April 20, 2012
I believe the Northern Jaguar Project is making huge strides in conservation of the northernmost breeding area for jaguars, and I am honored to be involved with this nonprofit. What I think is special about the Northern Jaguar Project is they are thinking broadly, considering all aspects of what makes this special ecosystem tick. Not only are they directly concerned with the jaguars calling this area home, but also the condition of their habitat and ultimately, their prey populations. I am involved in helping with their Feline Photo project, where I help identify wildlife in photos and prepare files for each camera location. As a wildlife biologist myself, I very much agree with the approach to using motion-triggered cameras. Much information can be gained about a species (and its neighbors!) while being a safe and cost effective "hands-off" technique. Last November my husband (who's a restoration ecologist) and I had the opportunity to travel to the reserve and we enjoyed every minute of exploring such a wild, beautiful place. Our mission to traveling there and meeting with Rick Williams, the reserve manager, was to discuss some of the options of improving the landscape in the reserve. They discussed areas of fire danger, slowing the progression of non-native grasses, as well as replanting disturbed areas with native plants. Again, the Northern Jaguar Project is thinking of the ecosystem as a whole in this example, which I think is the reason they are able to make such strides in jaguar conservation efforts. The Northern Jaguar Project has our continued support!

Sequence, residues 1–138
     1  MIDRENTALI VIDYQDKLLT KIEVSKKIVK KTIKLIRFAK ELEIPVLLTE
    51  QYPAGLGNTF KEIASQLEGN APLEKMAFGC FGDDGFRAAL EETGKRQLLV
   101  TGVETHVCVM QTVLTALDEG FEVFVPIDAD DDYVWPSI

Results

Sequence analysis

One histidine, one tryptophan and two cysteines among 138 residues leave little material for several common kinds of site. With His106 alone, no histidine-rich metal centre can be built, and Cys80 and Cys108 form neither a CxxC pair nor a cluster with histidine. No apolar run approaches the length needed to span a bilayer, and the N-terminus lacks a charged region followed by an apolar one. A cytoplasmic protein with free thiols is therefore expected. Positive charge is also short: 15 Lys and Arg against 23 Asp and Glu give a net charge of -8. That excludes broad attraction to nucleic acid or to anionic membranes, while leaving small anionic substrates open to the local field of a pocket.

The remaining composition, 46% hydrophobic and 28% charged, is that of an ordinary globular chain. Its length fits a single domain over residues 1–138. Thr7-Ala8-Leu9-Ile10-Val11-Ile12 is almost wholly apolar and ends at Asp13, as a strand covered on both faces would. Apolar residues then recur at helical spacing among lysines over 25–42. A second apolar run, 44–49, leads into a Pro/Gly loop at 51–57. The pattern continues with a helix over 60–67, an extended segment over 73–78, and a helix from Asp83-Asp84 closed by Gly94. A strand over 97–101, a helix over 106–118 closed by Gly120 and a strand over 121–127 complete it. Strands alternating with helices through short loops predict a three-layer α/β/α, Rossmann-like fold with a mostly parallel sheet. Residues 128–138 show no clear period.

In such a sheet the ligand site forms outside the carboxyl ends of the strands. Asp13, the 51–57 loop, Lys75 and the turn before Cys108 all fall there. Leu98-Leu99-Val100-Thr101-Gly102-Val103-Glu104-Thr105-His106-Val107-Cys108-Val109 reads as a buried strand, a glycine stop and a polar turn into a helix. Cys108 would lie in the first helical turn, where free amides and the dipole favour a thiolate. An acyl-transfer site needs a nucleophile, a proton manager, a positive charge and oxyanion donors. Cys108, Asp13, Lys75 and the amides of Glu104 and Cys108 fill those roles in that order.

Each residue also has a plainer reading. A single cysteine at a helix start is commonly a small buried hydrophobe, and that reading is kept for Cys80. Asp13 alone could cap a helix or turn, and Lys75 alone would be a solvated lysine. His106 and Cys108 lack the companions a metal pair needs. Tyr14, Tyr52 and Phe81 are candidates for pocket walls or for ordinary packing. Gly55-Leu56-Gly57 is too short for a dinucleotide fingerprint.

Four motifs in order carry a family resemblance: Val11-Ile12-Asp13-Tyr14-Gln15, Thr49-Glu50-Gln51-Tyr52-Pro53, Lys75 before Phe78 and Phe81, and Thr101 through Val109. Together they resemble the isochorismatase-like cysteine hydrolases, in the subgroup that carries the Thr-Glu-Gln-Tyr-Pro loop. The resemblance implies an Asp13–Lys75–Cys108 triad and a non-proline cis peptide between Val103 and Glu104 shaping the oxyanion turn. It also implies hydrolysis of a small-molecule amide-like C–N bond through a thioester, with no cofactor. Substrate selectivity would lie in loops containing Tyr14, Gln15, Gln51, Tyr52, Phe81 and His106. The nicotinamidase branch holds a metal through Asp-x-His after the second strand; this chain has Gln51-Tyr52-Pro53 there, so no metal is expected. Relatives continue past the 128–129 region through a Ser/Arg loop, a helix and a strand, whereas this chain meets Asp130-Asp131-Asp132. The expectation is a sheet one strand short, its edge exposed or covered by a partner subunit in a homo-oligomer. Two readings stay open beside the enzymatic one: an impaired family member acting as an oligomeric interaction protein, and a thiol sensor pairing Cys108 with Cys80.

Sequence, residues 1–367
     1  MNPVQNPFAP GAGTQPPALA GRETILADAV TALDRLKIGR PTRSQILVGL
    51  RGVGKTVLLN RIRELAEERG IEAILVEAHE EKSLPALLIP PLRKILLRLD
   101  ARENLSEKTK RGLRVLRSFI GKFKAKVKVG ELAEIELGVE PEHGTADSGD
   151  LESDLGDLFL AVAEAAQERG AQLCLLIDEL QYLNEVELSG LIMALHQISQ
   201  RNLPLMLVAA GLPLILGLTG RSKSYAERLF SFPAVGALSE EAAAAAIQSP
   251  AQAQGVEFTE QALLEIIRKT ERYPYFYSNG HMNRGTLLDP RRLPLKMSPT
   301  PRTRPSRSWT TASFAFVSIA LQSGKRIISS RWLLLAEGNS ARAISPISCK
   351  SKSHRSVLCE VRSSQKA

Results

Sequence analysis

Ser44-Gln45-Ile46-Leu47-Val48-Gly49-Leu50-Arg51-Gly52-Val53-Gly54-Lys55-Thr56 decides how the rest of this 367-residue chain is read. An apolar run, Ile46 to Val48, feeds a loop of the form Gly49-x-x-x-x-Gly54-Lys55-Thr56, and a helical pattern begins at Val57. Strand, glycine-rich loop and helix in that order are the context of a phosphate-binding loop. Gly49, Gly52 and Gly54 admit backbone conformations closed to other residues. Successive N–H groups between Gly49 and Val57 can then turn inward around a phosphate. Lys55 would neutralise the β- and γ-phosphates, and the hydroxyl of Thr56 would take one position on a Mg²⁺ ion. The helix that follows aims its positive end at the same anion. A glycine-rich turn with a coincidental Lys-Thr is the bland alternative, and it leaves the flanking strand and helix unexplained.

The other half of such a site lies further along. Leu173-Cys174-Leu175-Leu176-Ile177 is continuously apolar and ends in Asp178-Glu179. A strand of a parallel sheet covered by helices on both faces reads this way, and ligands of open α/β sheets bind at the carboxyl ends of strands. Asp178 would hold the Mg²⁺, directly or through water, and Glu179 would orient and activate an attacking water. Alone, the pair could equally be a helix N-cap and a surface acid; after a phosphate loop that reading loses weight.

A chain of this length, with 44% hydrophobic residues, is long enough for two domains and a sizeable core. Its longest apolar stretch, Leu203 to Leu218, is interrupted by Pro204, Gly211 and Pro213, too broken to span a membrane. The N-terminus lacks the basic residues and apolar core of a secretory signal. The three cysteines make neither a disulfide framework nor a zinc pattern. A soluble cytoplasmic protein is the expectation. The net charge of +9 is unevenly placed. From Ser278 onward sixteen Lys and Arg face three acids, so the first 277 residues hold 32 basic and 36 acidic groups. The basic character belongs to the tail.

Would you volunteer for this group again?
For the time you spent, how much of an impact did you feel your work or activity had?
Did the organization use your time wisely?
Would you recommend this group to a friend?
When was your last experience with this nonprofit?